movements. "Certainly the victims of atomic bombing have gone through enormous suffering. However, by specializing the A-bomb experience too much, we missed the important perspective that atomic-bombing was one of the numerous indiscriminate bombings in modern wars. As a result, the A-bomb survivors have not been able to build solidarity with victims of other indiscriminate bombing, like those of Tokyo, and those of Afghanistan. While they talk of "peace," they have not been able to universalize their experience and to relate their experience to the ongoing wars and conflicts.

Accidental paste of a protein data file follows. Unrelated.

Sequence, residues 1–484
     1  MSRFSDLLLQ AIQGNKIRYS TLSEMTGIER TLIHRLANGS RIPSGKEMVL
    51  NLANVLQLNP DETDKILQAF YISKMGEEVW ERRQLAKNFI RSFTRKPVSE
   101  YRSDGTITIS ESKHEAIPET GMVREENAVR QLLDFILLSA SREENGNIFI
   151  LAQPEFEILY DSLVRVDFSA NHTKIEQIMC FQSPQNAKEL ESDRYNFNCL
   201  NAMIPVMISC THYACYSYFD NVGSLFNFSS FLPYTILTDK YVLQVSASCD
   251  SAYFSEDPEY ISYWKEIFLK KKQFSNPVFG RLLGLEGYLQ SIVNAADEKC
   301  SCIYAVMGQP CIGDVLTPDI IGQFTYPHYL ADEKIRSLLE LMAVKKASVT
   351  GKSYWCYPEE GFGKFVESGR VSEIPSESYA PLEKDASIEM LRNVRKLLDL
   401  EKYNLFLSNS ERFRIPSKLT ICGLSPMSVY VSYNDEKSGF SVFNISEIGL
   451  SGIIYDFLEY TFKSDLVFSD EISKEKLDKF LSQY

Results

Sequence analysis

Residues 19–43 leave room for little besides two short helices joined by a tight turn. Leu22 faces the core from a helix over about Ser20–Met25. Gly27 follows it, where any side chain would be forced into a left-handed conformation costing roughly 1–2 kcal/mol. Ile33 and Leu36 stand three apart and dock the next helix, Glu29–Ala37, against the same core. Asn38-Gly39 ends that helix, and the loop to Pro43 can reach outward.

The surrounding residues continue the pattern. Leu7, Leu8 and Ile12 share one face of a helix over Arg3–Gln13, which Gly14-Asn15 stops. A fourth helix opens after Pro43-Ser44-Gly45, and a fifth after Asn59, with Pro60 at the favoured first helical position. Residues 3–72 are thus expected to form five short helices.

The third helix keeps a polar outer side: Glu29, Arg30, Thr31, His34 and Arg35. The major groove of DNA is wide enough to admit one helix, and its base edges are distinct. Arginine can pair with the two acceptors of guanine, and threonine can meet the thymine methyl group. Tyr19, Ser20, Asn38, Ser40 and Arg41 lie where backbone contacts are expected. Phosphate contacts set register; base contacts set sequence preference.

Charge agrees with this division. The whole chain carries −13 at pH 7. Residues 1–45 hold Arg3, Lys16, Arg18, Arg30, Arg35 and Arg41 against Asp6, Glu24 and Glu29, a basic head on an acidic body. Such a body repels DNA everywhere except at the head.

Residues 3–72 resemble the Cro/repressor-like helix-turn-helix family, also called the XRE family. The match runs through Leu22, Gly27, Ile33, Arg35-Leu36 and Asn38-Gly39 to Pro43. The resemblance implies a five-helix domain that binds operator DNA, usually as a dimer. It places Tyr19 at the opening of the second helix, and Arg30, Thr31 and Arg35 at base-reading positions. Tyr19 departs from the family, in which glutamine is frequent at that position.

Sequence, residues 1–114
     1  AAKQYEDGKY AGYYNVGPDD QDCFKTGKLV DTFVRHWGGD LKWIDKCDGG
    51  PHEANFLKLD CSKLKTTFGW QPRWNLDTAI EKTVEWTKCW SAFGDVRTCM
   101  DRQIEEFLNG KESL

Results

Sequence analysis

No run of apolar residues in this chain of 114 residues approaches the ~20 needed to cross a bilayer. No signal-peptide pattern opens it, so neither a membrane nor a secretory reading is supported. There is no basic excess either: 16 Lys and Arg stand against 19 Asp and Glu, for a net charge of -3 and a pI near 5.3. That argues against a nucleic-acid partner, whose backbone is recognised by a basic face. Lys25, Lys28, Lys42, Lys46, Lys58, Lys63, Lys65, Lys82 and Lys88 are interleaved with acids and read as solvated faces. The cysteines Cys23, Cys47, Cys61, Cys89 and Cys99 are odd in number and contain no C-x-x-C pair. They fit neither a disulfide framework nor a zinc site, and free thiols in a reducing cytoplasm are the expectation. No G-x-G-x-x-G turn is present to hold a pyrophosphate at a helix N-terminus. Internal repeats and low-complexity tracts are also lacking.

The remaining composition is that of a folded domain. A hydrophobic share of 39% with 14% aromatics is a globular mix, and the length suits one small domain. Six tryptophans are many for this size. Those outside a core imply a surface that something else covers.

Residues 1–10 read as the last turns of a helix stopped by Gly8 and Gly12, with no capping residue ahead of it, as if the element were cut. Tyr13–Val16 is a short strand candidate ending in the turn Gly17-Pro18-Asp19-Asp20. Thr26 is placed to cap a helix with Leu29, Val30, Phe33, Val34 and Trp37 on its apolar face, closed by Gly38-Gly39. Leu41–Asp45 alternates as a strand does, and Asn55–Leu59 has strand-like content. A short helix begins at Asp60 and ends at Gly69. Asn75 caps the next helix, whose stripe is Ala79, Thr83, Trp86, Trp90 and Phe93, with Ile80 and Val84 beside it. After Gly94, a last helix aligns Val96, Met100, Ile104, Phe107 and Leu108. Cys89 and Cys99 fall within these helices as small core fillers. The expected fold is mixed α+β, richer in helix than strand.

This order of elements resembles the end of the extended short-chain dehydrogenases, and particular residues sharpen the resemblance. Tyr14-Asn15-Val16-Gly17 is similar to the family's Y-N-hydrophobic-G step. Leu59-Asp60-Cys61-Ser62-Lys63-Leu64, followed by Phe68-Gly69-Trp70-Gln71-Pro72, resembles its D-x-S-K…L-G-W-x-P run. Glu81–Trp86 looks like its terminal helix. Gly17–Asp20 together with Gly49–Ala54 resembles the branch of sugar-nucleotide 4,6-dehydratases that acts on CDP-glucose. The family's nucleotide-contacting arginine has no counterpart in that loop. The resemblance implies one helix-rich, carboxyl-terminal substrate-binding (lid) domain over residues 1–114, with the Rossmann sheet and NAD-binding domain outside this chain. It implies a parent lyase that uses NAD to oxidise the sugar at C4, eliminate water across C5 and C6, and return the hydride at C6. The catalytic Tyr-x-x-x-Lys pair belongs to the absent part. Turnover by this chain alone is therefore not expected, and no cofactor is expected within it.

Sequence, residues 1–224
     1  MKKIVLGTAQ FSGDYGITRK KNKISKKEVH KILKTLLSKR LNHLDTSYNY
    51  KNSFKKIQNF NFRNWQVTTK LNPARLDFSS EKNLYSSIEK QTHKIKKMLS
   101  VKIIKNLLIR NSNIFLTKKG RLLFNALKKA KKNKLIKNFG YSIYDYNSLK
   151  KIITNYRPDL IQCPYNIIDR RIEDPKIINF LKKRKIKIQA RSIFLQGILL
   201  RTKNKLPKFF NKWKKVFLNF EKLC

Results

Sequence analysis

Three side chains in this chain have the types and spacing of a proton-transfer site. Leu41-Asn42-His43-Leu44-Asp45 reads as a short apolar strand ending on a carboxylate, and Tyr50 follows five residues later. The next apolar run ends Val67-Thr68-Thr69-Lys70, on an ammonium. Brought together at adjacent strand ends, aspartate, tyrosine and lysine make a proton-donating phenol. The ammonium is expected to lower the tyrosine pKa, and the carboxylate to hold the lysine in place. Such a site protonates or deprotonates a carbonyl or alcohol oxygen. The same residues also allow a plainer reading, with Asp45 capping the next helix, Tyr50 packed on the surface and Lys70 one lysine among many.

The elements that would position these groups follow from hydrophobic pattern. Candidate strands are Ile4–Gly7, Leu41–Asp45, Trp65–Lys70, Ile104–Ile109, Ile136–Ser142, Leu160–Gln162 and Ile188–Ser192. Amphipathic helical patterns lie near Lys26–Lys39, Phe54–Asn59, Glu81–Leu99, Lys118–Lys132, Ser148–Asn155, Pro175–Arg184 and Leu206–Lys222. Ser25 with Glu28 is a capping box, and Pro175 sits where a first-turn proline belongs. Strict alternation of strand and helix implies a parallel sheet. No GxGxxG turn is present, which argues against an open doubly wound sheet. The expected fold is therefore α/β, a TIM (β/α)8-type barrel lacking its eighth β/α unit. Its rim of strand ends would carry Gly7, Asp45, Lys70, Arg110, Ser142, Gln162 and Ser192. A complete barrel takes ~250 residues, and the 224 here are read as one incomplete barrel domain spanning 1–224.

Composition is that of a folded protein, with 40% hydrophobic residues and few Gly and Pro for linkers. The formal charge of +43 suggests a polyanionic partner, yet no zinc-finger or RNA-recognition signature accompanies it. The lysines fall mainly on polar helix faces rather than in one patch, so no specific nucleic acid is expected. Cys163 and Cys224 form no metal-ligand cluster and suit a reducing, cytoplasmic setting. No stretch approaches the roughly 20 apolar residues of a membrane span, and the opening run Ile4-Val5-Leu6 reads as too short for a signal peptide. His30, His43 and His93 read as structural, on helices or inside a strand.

"Voices from Hiroshima," however, was of course a leader in the post-war peace movement, as Professor Tanaka admits. Haruko Moritaki, co-chair of Hiroshima Alliance for Nuclear Weapons Abolition (HANWA) points out, "The U.S. almost used nuclear weapons in a number of occasions including the Korean War and the Cuban Crisis. They chose not to after all, because they could not ignore the A-bomb survivors' voices." Ichiro Yuasa, Chair of Peace Depot says "The international anti-nuclear movements could not have survived without Hiroshima. The position of Hiroshima is extremely important in the world." Yuasa, also one the founding members of Peace Link adds, "For sure Hiroshima has this duality that it has acted as a symbol of peace movements and it has also provided bases for aggressive wars during and after the war. It is necessary, however, to keep exploring what Hiroshima can do and other places can't, and what concrete messages for peace and non-military solutions that Hiroshima can convey to the rest of the world, rather than focussing on those negative sides of the city."